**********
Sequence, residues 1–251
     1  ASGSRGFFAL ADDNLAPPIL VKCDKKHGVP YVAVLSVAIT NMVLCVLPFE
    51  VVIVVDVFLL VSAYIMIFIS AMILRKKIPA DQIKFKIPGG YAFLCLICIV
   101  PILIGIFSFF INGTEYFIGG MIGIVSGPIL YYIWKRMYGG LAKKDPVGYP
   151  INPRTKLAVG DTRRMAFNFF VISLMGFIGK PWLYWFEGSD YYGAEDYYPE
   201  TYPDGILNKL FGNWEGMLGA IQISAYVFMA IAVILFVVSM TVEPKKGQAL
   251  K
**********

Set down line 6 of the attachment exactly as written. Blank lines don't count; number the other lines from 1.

   201  TYPDGILNKL FGNWEGMLGA IQISAYVFMA IAVILFVVSM TVEPKKGQAL